That's the news from two studies out this month from a scientist in Canada who has spent decades trying to figure out whether being bilingual is bad or good. "I've been doing this for 25 years," Ellen Bialystok, a distinguished research professor of psychology at York University in Toronto, tells Shots. "Suddenly people are interested. I figure it's because everybody's scared about dementia."

Locavores, a word with you. Local food may be gaining traction in all kinds of ways, but a report out today from the Institute of Medicine serves as a stark reminder of just how globalized our food system truly is.

More Fake Cancer Drugs Found In The U.S.

Apr 4, 2012

Another batch of phony cancer drugs has made its way into the U.S., the Food and Drug Administration says.

U.S.-based medical practices purchased vials of counterfeit medicine labeled as Altuzan from a foreign supplier, FDA spokesperson Shelly Burgess tells Shots. She said the agency doesn't have any reports of patients having received the counterfeit drugs.

Altuzan is the Turkish brand name for Avastin, the FDA-approved blockbuster cancer drug from Swiss drugmaker Roche's Genentech unit. Altuzan is approved for use in Turkey — but not in the U.S.

The peace plan brokered by international envoy Kofi Annan and backed the United Nations has yet to curb the violence in Syria.

Reuters reports that even though a U.N. team of peacekeepers is scheduled to arrive in Damascus, today or tomorrow, opposition activists said government forces continued their attack. They said about 80 people have been killed since Tuesday.

Reuters adds:

When 93-year-old Rachel Veitch picked up the newspaper on March 10 and realized that the macular degeneration in her eyes had developed to the point where she couldn't read the print, she knew it was time to stop driving.

But there's much more to the Orlando, Fla., woman's story.

The decision meant she would no longer be getting behind the wheel of her beloved 1964 Mercury Comet Caliente, a car she calls "The Chariot." Veitch has pampered her ride for nearly five decades and 567,000 miles.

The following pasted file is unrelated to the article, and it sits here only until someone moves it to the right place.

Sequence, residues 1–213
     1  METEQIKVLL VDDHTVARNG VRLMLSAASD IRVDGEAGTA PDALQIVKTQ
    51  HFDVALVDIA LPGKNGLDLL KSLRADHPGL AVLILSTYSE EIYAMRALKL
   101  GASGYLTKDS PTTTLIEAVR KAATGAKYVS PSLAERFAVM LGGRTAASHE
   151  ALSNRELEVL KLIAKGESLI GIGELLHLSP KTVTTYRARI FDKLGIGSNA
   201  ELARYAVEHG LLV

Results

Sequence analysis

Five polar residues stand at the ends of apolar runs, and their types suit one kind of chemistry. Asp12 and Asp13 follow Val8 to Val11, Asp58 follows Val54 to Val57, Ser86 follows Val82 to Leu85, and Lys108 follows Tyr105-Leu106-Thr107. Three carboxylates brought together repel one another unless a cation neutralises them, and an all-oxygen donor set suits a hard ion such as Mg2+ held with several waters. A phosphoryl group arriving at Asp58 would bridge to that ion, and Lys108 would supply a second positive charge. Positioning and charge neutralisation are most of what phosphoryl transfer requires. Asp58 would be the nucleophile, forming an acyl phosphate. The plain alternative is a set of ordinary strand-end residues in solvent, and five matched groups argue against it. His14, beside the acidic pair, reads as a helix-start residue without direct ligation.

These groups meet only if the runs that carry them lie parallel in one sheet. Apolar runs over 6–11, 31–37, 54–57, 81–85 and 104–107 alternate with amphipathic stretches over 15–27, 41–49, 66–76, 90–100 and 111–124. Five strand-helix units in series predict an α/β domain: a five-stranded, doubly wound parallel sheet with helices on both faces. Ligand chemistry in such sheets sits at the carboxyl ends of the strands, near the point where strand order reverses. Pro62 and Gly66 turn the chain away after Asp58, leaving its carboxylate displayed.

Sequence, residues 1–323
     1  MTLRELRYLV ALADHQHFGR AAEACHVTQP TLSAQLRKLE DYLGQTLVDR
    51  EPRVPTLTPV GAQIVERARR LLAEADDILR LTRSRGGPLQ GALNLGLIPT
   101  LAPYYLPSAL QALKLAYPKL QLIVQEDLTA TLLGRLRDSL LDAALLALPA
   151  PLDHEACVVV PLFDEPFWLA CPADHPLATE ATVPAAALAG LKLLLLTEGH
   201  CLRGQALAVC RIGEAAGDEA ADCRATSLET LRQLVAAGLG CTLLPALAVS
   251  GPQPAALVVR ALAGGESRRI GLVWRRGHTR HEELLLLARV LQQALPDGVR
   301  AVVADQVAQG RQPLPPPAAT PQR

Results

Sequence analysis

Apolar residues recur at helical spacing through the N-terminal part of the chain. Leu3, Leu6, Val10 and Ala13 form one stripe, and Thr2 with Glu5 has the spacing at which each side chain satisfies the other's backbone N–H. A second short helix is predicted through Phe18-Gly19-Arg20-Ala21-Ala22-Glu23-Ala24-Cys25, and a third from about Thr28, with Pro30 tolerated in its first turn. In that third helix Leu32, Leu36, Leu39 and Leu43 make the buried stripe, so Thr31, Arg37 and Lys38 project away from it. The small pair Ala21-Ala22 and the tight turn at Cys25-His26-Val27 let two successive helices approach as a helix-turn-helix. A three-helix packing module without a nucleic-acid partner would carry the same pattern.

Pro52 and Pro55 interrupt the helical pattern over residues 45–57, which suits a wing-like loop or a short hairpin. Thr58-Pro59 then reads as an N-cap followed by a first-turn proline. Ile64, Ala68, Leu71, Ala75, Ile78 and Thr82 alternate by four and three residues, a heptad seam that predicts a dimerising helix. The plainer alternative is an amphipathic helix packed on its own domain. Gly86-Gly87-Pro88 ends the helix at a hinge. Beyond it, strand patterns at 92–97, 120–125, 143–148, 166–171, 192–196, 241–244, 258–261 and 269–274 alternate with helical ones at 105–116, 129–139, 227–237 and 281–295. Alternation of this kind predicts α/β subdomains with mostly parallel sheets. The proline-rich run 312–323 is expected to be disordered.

Imagine you've scored hard-to-get tickets to the Masters golf tournament in Augusta, Ga. Now, imagine you're so excited that you make big a deal out of this: You buy plane tickets, you schedule some golfing of your own, you invite three buddies. And then, one day you get home to find only chewed pieces of the tickets attached to the strings that came with them.

Suddenly, it dawns on you: "The dog ate my tickets."

The U.S. military announced today that it was ready to proceed with the war crimes tribunal of Khalid Sheikh Mohammed and four other Guantanamo prisoners suspected of orchestrating the Sept. 11 attack on the United States.

NPR's Dina Temple-Raston reports this is important because it means that Mohammed must be arraigned within 30 days. This step is basically a military grand jury agreeing that there is enough evidence to proceed with a trial.

Rebels from the Tuareg ethnic group now control most of northern Mali, a territory as big as France on the edge of the Sahara desert.

A column of trucks loaded with Tuareg fighters rolled into the ancient desert town of Timbuktu on Sunday, taking over the positions abandoned by fleeing government soldiers.

They include an Islamist faction that wants to impose Shariah law throughout Mali and are believed to include elements with links to al-Qaida in the Islamic Maghreb.

Hafiz Mohammad Saeed said he's not in hiding. In fact, he said, he would be Lahore tomorrow, if the United States wanted to capture him.